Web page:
Just as the father had chosen China as the first country to which he journeyed after taking over the reins of government, so did the daughter Prime Minister Benazir Bhutto make China her first foreign destination. During her stay in Beijing she recalled the historic landmarks in Pakistan- China ties, her own month long stay in China along with her brothers and sister and assured her hosts that Pakistan’s “historic friendship [with China] shall remain a corner-stone of Pakistan’s foreign policy.”4
In China, however, a sea-change had occurred in the two decades separating the visits of father and daughter. The ideology centric, anti- imperialist and revolutionary rhetoric and actions of Chairman Mao Zedong had given way to the pragmatic, realistic economic driven agenda of Chairman Deng Xiaoping. There was a distinct realization within the Chinese leadership that significant economic development and a tangible improvement in the daily lives of its people was an essential pre-requisite for internal social and political stability and for upholding the credibility and legitimacy of the communist party. The image of the party had been badly tarnished among the people as a consequence of the excesses of the Cultural Revolution. Economic strength was indispensible for China to eventually realize its dream and destiny of standing alongside the top countries of the world in influencing and shaping the global political and economic order. The Chinese leadership was fully aware of the linkage between political and military strength and productive capacity. The United States during the second half of the twentieth century was the world’s largest and often the most dynamic economy and hence was able to sustain its global leadership. Similarly, the decline of Great Britain as a global power over the same period was the predictable result of its relatively deteriorating economy.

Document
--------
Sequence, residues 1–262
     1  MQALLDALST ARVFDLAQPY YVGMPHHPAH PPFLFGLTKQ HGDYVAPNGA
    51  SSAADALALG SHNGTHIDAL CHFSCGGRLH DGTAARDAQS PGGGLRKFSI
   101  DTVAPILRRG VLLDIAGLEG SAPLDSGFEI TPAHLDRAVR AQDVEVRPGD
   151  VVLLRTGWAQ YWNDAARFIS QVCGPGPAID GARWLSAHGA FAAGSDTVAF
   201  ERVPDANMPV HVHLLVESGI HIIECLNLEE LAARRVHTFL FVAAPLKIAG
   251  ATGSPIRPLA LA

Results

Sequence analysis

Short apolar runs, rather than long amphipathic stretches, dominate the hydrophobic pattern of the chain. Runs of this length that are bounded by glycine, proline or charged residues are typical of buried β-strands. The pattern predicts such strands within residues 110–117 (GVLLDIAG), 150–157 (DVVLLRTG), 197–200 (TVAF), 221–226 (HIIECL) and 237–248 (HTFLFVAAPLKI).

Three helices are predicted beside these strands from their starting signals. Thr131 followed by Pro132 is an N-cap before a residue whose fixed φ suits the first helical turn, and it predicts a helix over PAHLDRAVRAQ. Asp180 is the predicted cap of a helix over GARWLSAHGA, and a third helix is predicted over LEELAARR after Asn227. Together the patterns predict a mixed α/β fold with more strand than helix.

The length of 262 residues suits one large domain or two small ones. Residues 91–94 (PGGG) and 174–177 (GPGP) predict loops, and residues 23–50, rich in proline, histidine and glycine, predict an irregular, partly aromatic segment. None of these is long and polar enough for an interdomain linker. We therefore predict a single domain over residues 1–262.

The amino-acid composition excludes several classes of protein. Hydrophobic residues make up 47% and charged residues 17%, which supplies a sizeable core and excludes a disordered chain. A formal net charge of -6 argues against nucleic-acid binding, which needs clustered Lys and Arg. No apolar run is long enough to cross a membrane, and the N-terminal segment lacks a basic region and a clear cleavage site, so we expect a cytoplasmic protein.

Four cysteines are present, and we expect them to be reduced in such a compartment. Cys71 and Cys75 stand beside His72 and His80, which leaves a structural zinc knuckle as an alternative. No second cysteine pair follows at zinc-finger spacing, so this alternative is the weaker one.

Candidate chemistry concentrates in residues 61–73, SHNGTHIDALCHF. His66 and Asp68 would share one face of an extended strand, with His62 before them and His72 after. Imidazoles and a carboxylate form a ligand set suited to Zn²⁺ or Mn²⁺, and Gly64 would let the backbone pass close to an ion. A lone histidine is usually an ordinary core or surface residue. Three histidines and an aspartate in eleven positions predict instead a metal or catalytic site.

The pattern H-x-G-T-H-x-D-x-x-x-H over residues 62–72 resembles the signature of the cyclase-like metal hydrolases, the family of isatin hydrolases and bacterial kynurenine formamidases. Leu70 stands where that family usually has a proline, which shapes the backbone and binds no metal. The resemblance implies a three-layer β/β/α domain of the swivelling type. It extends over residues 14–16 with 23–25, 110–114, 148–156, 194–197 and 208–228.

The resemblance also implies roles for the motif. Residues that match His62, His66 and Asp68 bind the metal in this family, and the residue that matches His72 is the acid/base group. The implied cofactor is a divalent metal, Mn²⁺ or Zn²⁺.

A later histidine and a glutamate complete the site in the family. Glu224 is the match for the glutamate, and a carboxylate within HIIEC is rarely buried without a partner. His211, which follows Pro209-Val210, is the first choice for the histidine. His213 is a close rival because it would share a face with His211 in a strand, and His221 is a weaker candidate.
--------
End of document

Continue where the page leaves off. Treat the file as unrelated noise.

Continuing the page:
The signal for the departure from the policies and practices of the Mao era came in December 1978 at the Third Plenum of the Eleventh Central Committee of the Communist Party of China. Prior to the meeting, Chairman Deng Xiaoping delivered a speech in which he stressed the critical importance of economic development and the need to focus all of China’s energies on this sole objective of putting the country on a high and sustained level of economic growth. Ideology was important but would not be allowed to come in the way of economic development. Foreign policy too was to be practiced in a way that would ensure a conducive environment for economic growth. Pragmatism was repeatedly underscored and was illustrated by Deng Xiaoping’s famous words, “It doesn’t matter if it is a black cat or a white cat. As long as it can catch mice, it is a good cat.”